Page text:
Specific language manipulation activities to scaffold the ability for language use

TPRS

Does not contain specific language manipulation activities to scaffold the ability for language use

Reality:

  1. “Manipulation” of language is not necessary to acquire it.  As Bill VanPatten notes, processing of comprehensible input alone “appears to be sufficient” to develop mental representation of L2.  In other words, reading and listening to what students understand is all they need to acquire the language.
  2. TPRS does scaffold.  This fancy word means “make things progressively  more complex while keeping them comprehensible.”  TPRS practitioners go sentence-at-a-time with narration, use embedded readings, recycle previous vocab, do comprehension checks, etc.

 

Reality:

AIM

Cooperative learning is emphasized – all written language skills are developed orally in conjunction/discussion/interaction with a partner

TPRS

Students mostly work individually when it comes to written activities and frequently assigned as homework. Oral work is mostly presented as a whole-class activity

Reality: true.  Why does TPRS avoid “partner” or “communicative pair” activities?

  1. Learners inevitably produce junky output, which becomes junky input for other learners.  If we accquire language through input, the purpose of generating bad output and having that bad output become bad input is, well, something I have not heard explained by AIM.
  2. Learners need only comprehensible input to acquire a language.  If they want to talk, great…but they don’t have to talk, and the lack of forced output means many kids are more comfortable in class.

 

Claim:

AIM

Carefully sequenced partner/group activities

 

TPRS

Various random activities for ‘partner vocabulary practice’

 

Reality:

TPRS does not require or suggest that teachers to do “partner vocabulary practice.”  What “vocabulary practice” would be is not mentioned.  I am not sure where AIM got this idea.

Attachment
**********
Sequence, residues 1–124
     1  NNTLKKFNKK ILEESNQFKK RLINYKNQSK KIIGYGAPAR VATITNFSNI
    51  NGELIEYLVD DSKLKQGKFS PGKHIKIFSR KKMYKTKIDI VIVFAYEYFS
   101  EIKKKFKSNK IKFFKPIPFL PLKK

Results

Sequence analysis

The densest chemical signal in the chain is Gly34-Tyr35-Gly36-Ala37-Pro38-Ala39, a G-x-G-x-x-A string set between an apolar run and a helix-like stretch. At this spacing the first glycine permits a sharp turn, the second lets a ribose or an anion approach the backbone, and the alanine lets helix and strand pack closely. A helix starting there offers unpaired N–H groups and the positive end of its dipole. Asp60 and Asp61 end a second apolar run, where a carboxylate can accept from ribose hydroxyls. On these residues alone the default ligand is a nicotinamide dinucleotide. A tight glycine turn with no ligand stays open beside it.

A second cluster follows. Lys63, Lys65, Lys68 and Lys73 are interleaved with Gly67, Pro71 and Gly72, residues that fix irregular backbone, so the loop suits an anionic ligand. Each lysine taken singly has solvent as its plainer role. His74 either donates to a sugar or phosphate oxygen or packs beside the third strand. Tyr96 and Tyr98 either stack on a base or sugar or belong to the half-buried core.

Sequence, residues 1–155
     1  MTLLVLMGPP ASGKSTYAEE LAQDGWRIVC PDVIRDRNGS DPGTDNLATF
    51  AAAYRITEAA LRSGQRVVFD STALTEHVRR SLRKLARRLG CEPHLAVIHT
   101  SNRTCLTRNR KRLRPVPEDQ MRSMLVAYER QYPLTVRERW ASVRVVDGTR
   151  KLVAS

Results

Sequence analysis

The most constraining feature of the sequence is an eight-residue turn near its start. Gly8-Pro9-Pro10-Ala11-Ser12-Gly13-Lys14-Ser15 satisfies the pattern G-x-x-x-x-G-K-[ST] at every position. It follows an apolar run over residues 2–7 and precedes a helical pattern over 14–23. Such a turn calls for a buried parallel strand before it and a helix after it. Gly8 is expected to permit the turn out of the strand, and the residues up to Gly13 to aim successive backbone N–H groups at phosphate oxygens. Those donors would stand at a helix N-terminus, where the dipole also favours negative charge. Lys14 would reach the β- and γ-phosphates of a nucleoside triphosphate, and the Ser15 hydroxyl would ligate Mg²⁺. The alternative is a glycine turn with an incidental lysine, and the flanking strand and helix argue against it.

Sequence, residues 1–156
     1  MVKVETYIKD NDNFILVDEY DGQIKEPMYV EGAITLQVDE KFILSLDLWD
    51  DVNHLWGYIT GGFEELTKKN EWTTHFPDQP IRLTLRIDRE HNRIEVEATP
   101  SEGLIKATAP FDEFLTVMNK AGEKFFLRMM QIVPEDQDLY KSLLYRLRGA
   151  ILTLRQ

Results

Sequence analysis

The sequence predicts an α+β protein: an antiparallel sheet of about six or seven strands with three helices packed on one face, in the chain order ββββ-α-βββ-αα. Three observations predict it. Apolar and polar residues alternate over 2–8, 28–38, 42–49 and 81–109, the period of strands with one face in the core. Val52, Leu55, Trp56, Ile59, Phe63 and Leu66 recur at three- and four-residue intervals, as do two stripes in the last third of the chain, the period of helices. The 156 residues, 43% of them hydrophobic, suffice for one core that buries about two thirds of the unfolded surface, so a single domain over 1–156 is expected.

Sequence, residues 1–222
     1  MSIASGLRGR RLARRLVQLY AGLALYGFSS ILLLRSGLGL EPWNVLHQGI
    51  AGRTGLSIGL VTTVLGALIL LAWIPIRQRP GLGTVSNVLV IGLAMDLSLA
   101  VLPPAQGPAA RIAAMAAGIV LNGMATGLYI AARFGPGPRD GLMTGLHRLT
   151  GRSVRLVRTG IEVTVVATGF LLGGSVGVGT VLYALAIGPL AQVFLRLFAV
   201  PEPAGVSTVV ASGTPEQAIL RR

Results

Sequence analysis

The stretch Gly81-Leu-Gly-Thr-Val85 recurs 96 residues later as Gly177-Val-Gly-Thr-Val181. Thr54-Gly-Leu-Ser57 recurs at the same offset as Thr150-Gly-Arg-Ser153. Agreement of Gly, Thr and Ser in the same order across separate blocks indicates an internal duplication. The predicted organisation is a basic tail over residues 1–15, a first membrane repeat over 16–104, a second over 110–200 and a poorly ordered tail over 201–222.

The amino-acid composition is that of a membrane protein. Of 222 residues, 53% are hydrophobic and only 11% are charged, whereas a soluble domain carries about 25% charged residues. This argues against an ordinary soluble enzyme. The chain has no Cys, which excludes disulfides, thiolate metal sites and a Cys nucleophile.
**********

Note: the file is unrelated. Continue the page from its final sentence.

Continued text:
Claim:

AIM

Each activity of one type lasts a maximum of ten minutes to ensure the highest level of focus and learning potential

 

TPRS

One mini-story/PMS is taught per 50-minute daily class

 

 

Reality:

  1. There is no defined max/min length for any TPRS story.  Blaine Ray has famously told of spending four months on one story.  Sometimes a story doesn’t work, so a TPRS practitioner ends it quickly and moves on to other activities.  Some TPRS practitioners advocate what Mike Peto and Ben Slavic have called “quick takeoffs and landings,” i.e. stories that last 25-40 min.
  2. How long an activity in a TPRS class lasts depends on how interesting the students find it. 
  3. A TPRS class is not just story-asking.  TPRS practitioners also do Movietalk, Picturetalk, reading, persona especial, C.I. games, translation, skits, etc.

 

Claim:

AIM

Students visualize every single word as the teacher gestures delaying showing the written word.

TPRS

Students visualize the written word/translated written word very early on…

Reality: there is no requirement/suggestion that students in a TPRS class “visualize” the written word.  A TPRS practitioner will write whatever words are used (with translation) on board.  This is to help “anchor” and clarify the meaning of words, as we know that comprehensible– and not ambiguous– input is what leads to acquisition.

 

Anyway, that’s what AIM claims and what (my understanding of) TPRS actually is.  Be good to hear from AIM what they think, or if they can clarify.  Also be nice to hear from TPRS practitioners re: what they think.

 

 

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What are the pros and the cons of A.I.M.?